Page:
Come autumn and the Pampore Karewa plateau, about 25 km south-east of Srinagar in Kashmir, turns purple - abloom with thousands of saffron flowers. Saffron (crocus sativus; or 'kesar' in Hindi and 'zafran' in Persian) is an exotic - and the world's most expensive - spice.
It is an incredible experience to watch hundreds of peach-complexioned Kashmiri women, with baskets on their backs, standing in the midst of a profusion of purple flowers. As they pluck the blossoms, the lilt of their voices wafts through the air as they sing their folk songs.
The cultivation of saffron - a natural food flavoring and color that also has general panacea properties - would have been impossible without these women. In fact, of the over 12,00,000 people of Kashmir directly or indirectly engaged in the cultivation and trade of the purple crop, 50 per cent of the workforce comprises women. Come harvest season - the autumn months of late October and November - and that gender percentage rises to 90.
Saffron is cultivated in about 226 villages in five districts, including Zeewan, Balhama, Khunamoo, Yachnambal (Srinagar), Khrew, Ludoo, Dussu, Khonibal, Chandahar, Nablabal, Basru, Lethipora, Sambora, Awantipora (Pulwama), Nagam, Sarwin, Hapathnar, Kakewring, Char-e-sharief (Budgam) and Kishtawar (Doda). Kashmiri saffron bulbs, which give a six to eight year yield, flower for around four to six weeks during those two months.
But that is knowledge the women of the region have grown up with. Rubina Magray, 19, is a class 12 student. She is also a fifth generation saffron-plucker. Rubina has been plucking the flowers ever year, ever since she was a child, tagging along with her mother and aunts to the family's fields in Parampore.
"Every October, I don my grandmother's phiren (a traditional Kashmiri warm cloak-coat) and join my sisters and aunts in the plucking of flowers. We sing, chat and spend a few weeks together, harvesting as a family," she says.
Sipping hot Kashmiri kehwa (a local tea flavored with saffron), at least a dozen young women of Mohammed Yaqoob's family toss saffron flowers into the air before sifting for any impurities.
But much before the young women are given their share of work, the elderly women of the family have already carefully dried the flowers out in the sun, to rid them of moisture.
"Drying the leaves requires skill. One has to be careful that the flowers do not burn with excess heat. I have done it all my life, for around 60 years," says Marzana Begun, 70, Mohammed Yaqoob's mother. "I have been involved with saffron growing, drying and packaging from the age of four as my father was a saffron farmer and then I married a saffron farmer," she adds.
In the neighboring house of Abdul Ahad, there is a similar scene. Many women relatives from different parts of Kashmir have joined the family to offer a helping hand. "Women are the best choice for the job as they have the patience to take tender care of the flowers. When we need extra help, we only hire women laborers because they are dedicated and can work with the women of our family," says Mohammed Mir, who owns around 500 hectares of saffron agricultural land.
Once dried, tossed and sorted, it is time for the flowers to be handed over to the menfolk. Stripping away the insides of the flowers, the men grade the saffron, now ready to be packed in moisture-proof containers.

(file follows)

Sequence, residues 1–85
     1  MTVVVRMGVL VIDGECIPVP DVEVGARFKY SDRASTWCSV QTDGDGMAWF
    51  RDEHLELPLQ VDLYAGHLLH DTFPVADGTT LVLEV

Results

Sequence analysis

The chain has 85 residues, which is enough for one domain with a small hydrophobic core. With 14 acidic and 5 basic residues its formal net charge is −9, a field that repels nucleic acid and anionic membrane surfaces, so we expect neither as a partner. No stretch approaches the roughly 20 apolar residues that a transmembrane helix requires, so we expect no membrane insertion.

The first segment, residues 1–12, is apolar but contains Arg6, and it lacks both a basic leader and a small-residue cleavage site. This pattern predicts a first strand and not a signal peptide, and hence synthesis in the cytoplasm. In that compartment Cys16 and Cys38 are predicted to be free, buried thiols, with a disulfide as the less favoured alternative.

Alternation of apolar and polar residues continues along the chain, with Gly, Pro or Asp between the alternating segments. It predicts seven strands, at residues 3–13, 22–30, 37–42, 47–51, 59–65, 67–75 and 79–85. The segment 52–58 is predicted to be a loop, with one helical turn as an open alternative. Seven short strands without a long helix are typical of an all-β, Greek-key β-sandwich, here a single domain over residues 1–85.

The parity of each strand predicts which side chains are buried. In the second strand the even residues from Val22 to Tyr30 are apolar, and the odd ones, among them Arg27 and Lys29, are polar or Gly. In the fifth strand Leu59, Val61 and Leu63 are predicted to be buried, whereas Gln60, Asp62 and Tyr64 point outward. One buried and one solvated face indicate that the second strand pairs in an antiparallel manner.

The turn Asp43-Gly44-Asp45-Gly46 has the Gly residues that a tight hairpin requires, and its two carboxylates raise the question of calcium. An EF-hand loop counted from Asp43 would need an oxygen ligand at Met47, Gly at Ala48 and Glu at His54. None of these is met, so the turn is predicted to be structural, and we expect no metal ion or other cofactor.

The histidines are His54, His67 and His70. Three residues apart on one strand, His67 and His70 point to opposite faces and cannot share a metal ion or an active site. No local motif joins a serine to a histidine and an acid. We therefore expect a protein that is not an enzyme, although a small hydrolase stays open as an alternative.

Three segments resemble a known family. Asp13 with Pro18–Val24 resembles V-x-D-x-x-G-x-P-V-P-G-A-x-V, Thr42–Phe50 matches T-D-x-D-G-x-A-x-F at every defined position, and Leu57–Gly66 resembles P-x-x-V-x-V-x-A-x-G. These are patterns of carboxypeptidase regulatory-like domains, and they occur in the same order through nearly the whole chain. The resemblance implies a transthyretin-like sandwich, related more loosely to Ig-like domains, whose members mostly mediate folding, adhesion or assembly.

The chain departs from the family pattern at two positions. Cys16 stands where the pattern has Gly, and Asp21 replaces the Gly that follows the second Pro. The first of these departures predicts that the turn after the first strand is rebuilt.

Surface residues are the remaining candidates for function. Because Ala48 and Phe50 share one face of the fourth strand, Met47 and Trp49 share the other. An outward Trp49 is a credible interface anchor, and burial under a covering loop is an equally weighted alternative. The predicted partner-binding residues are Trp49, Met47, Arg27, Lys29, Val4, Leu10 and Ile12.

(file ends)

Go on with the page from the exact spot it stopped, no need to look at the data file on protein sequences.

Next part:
Cultivating saffron is hard work. This can be gauged from the fact that a kilogram of saffron is obtained only after about 150,000 flowers have been plucked, sorted and stripped for their stigma (the female part) and stamen (the male part).
Interestingly, each saffron flower has three red stigmas, two stamens, and a long white stem, connecting all of this to the main flower. The stigmas represent the purest saffron, known as 'Mogra Zafran'. The stamens yield the inferior and less expensive variety, the 'Lacha Zafran'. The other parts do not go waste: the petals are eaten while the stems become fodder.
Sammer Azad, who annually exports 1,300 kg of the queen of spices, claims that Kashmiri saffron has been giving traders from Spain a run for their money. (Spain, Iran and Italy are other leading producers of saffron.) Azad says that Kashmiri women are the "real heroines behind the whole saffron story". They might not come be in the limelight but everyone involved with saffron knows just how much the women strive for the crop: they till the soil, and, most importantly, pick and gently dry the flowers. This is an art that can only be executed by women because it involves a lot of patience and effort." Azad provides employment to over 700 people, most of them women, in a state where jobs are hard to come by.
Saffron has been the most important cash crop of Kashmir since ancient times. Compared to the near-rival Persian variety, Kashmiri saffron has a strong aroma and color. Its stigmas are long and thick-headed and deep red in color. The smaller Iranian saffron stigmas are yellowish in color and almost half the price of the Kashmiri produce. This year, high quality Kashmiri saffron sells at Rs.100,000 per kilo as against Rs 60,000 to Rs 65,000 for the Iranian variety (US$1=Rs 39.23).
Meanwhile, the government is contemplating the grading of the Kashmiri saffron to counter its adulteration and proposes to export it through the Spice Board of India, which is based in Kochi, Kerala. Further, according to G. M. Pampori, President, Saffron Growers' and Dealers' Association, the World Bank has sanctioned a huge grant - Rs 100 billion - in October for the Kashmir saffron industry. The money is expected to give a fillip to research, facilitate better irrigation and soil enrichment.